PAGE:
On a normal day, I start with a coffee, a few ad-hoc design tasks, and then dive into video editing. Each of our laboratories is based on a real-life case, which helps students see the actual application of what they’re learning. I always try to find new ways to reflect the storytelling from our labs in our marketing videos.
On a higher level, I try to see the bigger picture and strategise the use of media in our marketing efforts, to reflect the hard work of our developers, scientists, artists and everyone else in the product team and ensure that Labster reaches those who truly need it.
EdTech rose to the occasion during COVID-19
We’re definitely seeing a spike in interest caused by the pandemic, as more and more institutions are looking to move their science courses online. People who might have been sceptical towards virtual laboratories (which is natural, given that the technology is fairly new and quite disruptive to traditional teaching) are now trying it out. The pandemic caused an acute need for alternatives to wet labs, and during lockdown Labster provided free access for institutions that were in need.
Although it was quite a big leap in the number of students adopting Labster, our customer-facing teams did an amazing job accommodating them, resulting in 85% of students being pleased with their Labster experience, according to our surveys.
Our simulations are currently being played by more than twenty-five thousand students across the world, every single day, and waking up to those metrics empowers me (and I’m sure the rest of the team as well) to keep delivering valuable content for learners and their instructors.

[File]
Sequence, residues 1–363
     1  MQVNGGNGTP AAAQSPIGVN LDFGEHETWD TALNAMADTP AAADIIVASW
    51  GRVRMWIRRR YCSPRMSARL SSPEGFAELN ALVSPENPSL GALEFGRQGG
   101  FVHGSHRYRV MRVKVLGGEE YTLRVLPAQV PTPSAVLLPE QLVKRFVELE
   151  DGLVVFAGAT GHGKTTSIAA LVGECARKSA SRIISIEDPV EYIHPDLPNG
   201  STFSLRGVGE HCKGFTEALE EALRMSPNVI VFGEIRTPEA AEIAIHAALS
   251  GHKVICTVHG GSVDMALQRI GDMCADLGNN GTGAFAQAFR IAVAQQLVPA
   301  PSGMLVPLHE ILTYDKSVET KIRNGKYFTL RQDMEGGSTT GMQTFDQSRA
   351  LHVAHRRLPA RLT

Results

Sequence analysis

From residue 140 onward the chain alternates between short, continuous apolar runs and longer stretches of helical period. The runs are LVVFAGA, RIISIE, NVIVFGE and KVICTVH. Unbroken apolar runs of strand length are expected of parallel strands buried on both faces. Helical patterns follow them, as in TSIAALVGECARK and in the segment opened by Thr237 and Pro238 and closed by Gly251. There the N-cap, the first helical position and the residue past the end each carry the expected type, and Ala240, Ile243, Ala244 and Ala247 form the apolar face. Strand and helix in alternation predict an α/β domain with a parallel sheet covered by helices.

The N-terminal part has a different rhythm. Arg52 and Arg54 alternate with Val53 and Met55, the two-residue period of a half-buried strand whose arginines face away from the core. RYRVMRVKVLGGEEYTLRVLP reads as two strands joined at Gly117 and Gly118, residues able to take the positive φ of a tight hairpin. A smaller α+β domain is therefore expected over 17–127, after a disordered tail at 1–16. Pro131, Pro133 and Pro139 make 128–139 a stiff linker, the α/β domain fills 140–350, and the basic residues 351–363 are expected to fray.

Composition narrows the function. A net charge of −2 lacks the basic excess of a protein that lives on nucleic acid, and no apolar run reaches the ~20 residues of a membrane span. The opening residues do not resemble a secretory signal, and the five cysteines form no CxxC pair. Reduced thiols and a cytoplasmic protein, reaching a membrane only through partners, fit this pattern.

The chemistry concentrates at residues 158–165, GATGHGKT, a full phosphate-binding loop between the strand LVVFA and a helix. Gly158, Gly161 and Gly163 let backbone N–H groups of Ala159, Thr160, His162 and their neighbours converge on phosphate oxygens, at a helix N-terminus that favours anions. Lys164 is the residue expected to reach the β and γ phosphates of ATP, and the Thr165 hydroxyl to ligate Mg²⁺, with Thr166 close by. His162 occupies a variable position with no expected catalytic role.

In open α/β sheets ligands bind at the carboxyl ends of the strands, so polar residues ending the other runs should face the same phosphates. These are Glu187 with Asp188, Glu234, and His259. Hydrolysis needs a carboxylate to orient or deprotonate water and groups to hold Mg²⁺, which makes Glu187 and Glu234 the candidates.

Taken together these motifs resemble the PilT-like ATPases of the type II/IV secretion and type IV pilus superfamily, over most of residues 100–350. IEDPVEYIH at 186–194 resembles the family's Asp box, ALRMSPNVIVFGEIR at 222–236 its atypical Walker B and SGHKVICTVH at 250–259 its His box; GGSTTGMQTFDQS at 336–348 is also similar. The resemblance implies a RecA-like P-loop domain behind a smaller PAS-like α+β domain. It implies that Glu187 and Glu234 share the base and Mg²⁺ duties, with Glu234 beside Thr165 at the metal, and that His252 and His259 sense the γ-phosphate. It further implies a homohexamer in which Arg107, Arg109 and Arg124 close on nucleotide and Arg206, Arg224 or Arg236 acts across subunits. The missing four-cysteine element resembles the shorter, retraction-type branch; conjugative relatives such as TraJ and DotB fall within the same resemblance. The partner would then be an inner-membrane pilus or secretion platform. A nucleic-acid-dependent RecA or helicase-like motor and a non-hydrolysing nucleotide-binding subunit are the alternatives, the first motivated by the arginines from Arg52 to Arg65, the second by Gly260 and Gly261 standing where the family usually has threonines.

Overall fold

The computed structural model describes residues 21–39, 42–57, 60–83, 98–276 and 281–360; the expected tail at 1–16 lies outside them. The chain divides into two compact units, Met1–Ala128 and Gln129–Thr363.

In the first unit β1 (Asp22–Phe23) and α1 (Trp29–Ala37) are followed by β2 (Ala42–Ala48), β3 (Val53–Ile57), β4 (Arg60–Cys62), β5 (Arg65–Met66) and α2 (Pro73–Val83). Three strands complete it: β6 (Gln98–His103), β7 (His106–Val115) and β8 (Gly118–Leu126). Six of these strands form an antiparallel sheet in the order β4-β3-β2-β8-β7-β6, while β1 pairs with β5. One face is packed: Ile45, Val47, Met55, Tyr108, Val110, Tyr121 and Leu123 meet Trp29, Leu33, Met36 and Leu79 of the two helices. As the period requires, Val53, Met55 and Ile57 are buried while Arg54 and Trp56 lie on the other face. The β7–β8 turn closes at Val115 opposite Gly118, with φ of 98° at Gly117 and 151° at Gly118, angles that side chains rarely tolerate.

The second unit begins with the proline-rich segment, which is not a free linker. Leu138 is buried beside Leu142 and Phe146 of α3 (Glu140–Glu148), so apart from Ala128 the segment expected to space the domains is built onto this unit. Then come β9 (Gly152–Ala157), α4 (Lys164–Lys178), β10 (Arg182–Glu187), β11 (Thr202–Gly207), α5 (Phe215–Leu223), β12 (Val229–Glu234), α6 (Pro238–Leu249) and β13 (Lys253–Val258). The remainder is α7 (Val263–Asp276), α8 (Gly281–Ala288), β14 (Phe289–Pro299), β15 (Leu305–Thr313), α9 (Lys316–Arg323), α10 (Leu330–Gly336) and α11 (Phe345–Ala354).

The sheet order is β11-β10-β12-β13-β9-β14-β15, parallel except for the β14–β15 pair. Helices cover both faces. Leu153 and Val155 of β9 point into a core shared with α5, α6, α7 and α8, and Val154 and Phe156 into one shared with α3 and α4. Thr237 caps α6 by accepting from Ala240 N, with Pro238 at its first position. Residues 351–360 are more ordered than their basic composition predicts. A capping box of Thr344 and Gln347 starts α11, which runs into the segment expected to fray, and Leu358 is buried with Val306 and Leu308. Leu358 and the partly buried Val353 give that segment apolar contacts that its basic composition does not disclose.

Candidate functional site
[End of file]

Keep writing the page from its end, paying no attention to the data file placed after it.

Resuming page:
We’re also seeing a great response from students. They really love the animations in the labs and the visualisation of concepts. Teachers report that their students also appreciate the real-life stories. Having a real story, a human component attached to a lab technique is very engaging, and it help students see how they can apply their knowledge in the real world after graduating.
A great alternative
Virtual labs are very adaptable. They can be used both as pre-lab and post-lab exercises, which means it’s up to every teacher to decide where they fit best in their course. Of course, they cannot fully replace the experience of a wet lab, but in schools where wet labs aren’t an option because of cost constraints, Labster can be a great alternative.
Even with physical labs available, time is very limited when it comes to performing experiments, so having virtual labs as a pre-lab exercise ensures time in the actual lab is used at its highest potential. Not to mention that with virtual labs, you can speed up time and an experiment that takes hours or days in a physical lab can be completed in a simulation in a matter of seconds.
Another aspect of it is the actual use of machines in the lab. For many students, there’s a very limited amount of opportunities to use expensive lab equipment to perform experiments and gain practical experience, and for them Labster is a great alternative, allowing them to understand how the machines actually work and how they will be using them in their careers as scientists.
An optimistic future
I believe that the pandemic has forced many institutions, teachers and students alike to adapt to a new online learning environment which has shown incredible results.
EdTech has definitely proved itself during this pandemic, showing that it can facilitate access to education in the most unusual of contexts. It can (and will continue to) empower learners who otherwise wouldn’t have access to lab equipment, and it can provide a cheaper alternative for those who can’t afford it.
It’s been a long and beautiful journey for Labster (and for myself), and seeing the quality of the simulations improve every year has been an incredibly powerful catalyst for us to keep moving forward. We’ll continue to strive to provide access to quality science education to students across the globe.
We stand by our mission—empowering the next generation of scientists to change the world.